In 2020, Newsom signed an executive order banning the sale of new gasoline-powered passenger vehicles in California starting in 2035, following the lead of many European countries.
California already has a $2,000 rebate for electric vehicles. But the state’s incentives rise and fall depending on whether California’s budget is in surplus or deficit.
“The federal credit is just essential to lock in long-term certainty,” Wara said. “I don’t think you can fully assume the California credit is fully funded through a recession.”
The new bill extends an existing $7,500 federal tax credit for people who buy electric cars. Importantly, it drops a current rule that left out companies once they have sold 200,000 electric vehicles.
Tesla and General Motors hit that cap in 2018. So buyers of those vehicles have not been eligible for the federal tax credit in recent years. Nissan and other automakers are nearing it.
The new federal bill also provides a $4,000 tax credit for the sale of used electric vehicles.
Californians have seen record droughts, searing heat waves and massive wildfires in recent years — all of which have been made worse by the warming climate.
Through dozens of programs and laws, greenhouse gas emissions peaked in California in 2004 and have fallen about 14% since. But the state has a goal of reducing emissions 40% from 1990 levels by 2030. And it’s only cut them about 6% so far.
To continue expanding fossil-free power, California has a goal of receiving 100% of its electricity from carbon-free sources like wind, solar, geothermal, hydropower or nuclear power by 2045. Currently, 59% of California’s electricity comes from carbon-free sources.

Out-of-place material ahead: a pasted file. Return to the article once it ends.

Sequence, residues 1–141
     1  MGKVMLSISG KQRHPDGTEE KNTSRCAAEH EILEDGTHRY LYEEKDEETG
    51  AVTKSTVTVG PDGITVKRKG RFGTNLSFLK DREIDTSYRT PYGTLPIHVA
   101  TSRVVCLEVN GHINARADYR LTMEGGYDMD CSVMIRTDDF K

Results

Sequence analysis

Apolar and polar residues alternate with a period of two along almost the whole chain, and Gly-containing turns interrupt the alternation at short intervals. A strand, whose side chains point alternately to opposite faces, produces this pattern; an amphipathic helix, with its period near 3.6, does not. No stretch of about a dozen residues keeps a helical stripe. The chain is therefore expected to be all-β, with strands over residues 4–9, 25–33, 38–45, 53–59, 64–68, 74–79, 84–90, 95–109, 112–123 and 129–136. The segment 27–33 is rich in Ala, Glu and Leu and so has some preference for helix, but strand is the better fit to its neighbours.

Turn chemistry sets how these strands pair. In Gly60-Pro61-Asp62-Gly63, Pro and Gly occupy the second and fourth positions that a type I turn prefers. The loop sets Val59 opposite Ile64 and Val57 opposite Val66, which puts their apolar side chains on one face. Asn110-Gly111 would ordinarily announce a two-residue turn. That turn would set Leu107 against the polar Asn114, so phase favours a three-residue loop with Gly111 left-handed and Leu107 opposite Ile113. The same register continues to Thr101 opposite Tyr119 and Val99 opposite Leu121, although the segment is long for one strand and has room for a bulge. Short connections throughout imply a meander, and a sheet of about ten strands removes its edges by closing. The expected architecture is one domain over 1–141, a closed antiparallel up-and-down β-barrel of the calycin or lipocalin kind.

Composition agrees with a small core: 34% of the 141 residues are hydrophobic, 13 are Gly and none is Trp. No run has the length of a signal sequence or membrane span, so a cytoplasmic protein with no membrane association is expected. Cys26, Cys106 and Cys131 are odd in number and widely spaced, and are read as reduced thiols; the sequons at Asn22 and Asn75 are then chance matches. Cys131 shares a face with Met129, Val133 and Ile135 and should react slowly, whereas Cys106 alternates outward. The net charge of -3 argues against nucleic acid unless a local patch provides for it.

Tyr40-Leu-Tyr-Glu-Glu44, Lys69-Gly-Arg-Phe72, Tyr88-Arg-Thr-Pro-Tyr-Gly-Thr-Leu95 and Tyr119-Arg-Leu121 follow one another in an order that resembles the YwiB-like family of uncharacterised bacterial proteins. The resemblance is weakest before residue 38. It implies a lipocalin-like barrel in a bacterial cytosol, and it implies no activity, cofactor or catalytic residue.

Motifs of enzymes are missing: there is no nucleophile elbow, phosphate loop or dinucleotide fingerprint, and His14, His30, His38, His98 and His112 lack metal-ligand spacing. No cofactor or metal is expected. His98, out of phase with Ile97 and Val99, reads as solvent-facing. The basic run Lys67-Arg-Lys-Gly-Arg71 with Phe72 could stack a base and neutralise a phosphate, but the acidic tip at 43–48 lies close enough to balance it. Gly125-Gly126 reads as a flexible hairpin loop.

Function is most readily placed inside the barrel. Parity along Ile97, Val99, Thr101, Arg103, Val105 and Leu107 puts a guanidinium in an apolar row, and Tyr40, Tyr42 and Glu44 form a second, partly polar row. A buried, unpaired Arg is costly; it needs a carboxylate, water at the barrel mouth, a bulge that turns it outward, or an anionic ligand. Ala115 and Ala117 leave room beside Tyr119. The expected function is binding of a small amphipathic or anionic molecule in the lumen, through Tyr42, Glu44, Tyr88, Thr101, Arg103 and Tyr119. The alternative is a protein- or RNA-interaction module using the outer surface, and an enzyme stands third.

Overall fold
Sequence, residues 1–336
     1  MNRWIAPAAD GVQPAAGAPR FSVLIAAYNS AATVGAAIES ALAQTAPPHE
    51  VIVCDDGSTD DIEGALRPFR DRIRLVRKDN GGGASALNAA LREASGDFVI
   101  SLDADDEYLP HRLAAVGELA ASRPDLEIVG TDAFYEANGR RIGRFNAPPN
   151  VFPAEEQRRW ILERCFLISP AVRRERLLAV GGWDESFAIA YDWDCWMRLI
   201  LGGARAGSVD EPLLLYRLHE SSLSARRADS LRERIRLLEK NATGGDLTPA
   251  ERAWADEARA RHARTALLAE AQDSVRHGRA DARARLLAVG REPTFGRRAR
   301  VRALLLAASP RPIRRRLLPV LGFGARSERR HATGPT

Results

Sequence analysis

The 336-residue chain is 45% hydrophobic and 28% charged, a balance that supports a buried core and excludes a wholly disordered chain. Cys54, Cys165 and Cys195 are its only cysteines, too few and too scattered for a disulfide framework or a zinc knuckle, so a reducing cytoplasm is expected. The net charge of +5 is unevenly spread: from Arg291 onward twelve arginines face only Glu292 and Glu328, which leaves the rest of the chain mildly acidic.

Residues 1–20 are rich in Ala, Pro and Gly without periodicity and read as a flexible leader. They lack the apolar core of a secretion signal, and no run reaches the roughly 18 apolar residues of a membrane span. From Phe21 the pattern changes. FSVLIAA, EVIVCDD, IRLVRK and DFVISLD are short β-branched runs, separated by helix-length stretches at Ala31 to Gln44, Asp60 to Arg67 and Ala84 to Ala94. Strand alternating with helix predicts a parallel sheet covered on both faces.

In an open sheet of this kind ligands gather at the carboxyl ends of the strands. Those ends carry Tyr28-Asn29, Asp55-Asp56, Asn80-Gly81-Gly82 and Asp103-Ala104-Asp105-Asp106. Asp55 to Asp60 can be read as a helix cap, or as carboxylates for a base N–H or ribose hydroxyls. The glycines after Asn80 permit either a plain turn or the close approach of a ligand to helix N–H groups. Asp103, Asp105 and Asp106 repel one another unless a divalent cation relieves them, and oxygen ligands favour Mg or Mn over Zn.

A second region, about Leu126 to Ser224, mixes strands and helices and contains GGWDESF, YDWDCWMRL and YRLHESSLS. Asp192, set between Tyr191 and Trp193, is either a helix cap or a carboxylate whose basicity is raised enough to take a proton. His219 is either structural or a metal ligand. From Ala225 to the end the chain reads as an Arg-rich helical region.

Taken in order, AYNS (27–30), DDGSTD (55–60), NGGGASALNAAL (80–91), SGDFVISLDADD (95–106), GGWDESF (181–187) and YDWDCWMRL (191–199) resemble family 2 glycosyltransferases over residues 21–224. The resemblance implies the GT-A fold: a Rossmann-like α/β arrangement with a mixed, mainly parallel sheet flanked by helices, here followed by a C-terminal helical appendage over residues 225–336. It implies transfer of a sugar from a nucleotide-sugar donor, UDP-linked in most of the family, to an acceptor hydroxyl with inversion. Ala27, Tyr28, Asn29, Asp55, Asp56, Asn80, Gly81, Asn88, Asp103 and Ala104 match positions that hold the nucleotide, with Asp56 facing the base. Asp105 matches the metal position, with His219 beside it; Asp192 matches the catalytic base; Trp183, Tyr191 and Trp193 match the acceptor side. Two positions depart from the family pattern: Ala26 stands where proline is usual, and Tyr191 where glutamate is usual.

The new bill passed Sunday, which was endorsed by the Silicon Valley Leadership Group, Intel, Microsoft and other tech companies, contains $30 billion in production tax credits for U.S. manufacturing of batteries, solar panels, wind turbines and critical minerals processing. And it extends for 10 years a 30% federal tax credit for rooftop solar panels.
Not everyone is happy. Senate Republican leader Mitch McConnell, R-Kentucky, called the bill “a so-called climate bill that will have no meaningful impact on global temperatures whatsoever.”
And some environmental groups, along with Wara, were disappointed that to win the key vote of Sen. Joe Manchin, D-West Virginia, language was included to streamline oil and gas leasing in the Gulf of Mexico and parts of Alaska, moves that will increase emissions and impact nearby communities.
But Gopal’s organization calculated that for every 1 ton of carbon emissions from the new drilling, 24 tons would be saved from the bill’s green provisions, and that the bill would would prevent up to 3,900 premature deaths from air pollution and create 1.5 million new jobs by 2030.
The bill “is a historic down payment towards tackling the climate crisis,” said Mary Creasman, CEO of California Environmental Voters, an Oakland nonprofit. “It is fitting that our vice president from California was the deciding vote.”